September 28, 2020 – It “really helped with cooperating with others, we can calm down.” These words from a 6th grader are probably the best account of what we hope to achieve through the Domestic Harmonizer Program (DHP). This is a program that the Whitaker Peace & Development Initiative (WPDI) initiated 8 years ago, to bring conflict resolution into schools. This vivid testimonial was recorded by Dr. Briana Hinga, Associate Professor at the Rossier School of Education at the University of Southern California who conducted an independent evaluation of the DHP that we implemented in the Stephen White Middle School and the S.T.E.A.M Magnet in Carson (Los Angeles Unified School District), and Ball Jr. High School in Anaheim (Anaheim Unified High School District). In particular, Dr. Hinga’s report concluded that the program had a significant potential to improve relations within the school communities. She noted in particular from her exchanges with peer-mediator students from the program that it had “prepared them to identify, mediate, and intervene when they notice conflicts.”

Young middle school students graduate from WPDI's Domestic Harmonizer Program

The DHP is WPDI’s peacebuilding and conflict resolution program in the United States built specifically for middle schools to help create safe and inclusive learning environments. A central assumption behind our program is that, in the end, it assumes that establishing a climate of peace in schools eventually rests on the capacity of the students and educators to make a difference. Our ambition is to provide them with resources and tools that will help to strengthen this very capacity. The program’s curriculum, workshops, and e-learning tools spans all three years of middle school and helps students and teachers build understanding, empathy, and dialogue both inside and outside of the classroom. Rooted in restorative practices, the DHP established a safe learning space for students and teachers build a deep understanding of conflict, and how to resolve it constructively in various contexts. The DHP was launched in 2016 with a pilot program and has since expanded to the Stephen White Middle School and the S.T.E.A.M Magnet in Carson and Ball Jr. High School in Anaheim.  This expansion was made possible thanks to Verizon and the Bank of the West Charitable Foundation – donors who are committed to an ambitious vision where education benefits society by preparing future citizens to address conflict in nonviolent ways.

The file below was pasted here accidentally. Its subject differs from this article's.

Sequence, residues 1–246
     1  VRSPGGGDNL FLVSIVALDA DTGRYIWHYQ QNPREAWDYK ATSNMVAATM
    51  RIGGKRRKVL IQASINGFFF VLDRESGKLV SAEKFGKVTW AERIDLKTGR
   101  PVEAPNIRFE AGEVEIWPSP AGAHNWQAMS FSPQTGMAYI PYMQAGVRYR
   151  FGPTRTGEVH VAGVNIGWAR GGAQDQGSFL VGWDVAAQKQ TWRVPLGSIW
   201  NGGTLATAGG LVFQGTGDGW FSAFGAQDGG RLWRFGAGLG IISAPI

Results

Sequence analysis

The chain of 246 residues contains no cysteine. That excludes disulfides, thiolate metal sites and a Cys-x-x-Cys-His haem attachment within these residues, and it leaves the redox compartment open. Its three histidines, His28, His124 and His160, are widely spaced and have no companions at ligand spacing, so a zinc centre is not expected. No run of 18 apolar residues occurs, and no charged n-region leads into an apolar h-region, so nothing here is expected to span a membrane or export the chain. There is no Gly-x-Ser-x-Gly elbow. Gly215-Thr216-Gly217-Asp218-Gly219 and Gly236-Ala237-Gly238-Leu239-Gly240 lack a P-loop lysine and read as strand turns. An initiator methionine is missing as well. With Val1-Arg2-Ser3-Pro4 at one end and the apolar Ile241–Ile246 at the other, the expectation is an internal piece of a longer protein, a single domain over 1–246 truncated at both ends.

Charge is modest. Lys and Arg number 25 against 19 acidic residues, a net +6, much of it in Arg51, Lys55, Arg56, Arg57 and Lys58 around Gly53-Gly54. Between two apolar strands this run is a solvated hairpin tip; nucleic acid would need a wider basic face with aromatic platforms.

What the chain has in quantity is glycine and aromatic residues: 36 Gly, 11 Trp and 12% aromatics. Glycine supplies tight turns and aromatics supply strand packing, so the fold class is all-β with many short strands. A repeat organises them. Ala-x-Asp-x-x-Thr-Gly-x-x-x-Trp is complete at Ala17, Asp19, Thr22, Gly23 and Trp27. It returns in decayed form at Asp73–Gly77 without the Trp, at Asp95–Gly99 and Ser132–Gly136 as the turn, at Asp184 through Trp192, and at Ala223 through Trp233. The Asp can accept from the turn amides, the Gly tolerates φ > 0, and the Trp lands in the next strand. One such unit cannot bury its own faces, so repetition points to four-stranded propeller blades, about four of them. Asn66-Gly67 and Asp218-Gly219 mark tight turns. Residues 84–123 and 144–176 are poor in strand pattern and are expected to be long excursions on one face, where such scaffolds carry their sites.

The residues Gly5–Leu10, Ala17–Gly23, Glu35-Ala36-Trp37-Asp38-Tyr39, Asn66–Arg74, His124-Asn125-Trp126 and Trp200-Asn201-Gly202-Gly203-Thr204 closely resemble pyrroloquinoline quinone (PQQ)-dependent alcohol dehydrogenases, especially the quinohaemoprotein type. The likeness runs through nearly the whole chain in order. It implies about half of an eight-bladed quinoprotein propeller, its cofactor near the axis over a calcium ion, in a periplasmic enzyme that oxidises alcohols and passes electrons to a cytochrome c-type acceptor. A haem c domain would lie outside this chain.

Having an evaluation of the DHP at these two schools during the 2019-2020 academic year was therefore critical to gain knowledge on the upscaling of our project even though the COVID-19 crisis prevented us from deploying our full effort at it. Dr. Hinga’s report found that the DHP was valuable at these schools as it delivered to teachers a completely new toolbox through which they could educate themselves and students about conflict in various contexts and help students navigate challenging problems in their academic classes and personal lives. As one teacher stated, “Every conflict can be boiled down to somebody having an unmet need, and I thought they [students] really did understand that, and that was good because that really helped them to reflect in situations of conflict to try to figure out, well, what’s the unmet need here.” Drawing from such testimonials, WPDI invited to deepen its work in the school community, by increasing interactions within the school itself but also by reaching out to parents and families.

A banner supporting WPDI's Domestic Harmonizer Program

Expanding the outreach of the program is indeed high on our agenda. We strongly believe that, ultimately, students are also to address conflict in their daily lives out of the school. This societal perspective is actually one the main conclusion of Dr. Hinga’s evaluation, noting that “This particular moment is marked by a political climate that makes salient the utility and necessity of conflict resolution education.” As our societies are shaken by the COVID-19 crisis or the growing awareness of entrenched inequalities and institutionalized racism, we have need for citizens who can cope with conflict in a constructive way. This is the very spirit of the DHP.

Middle school students graduate from WPDI's Domestic Harmonizer Program

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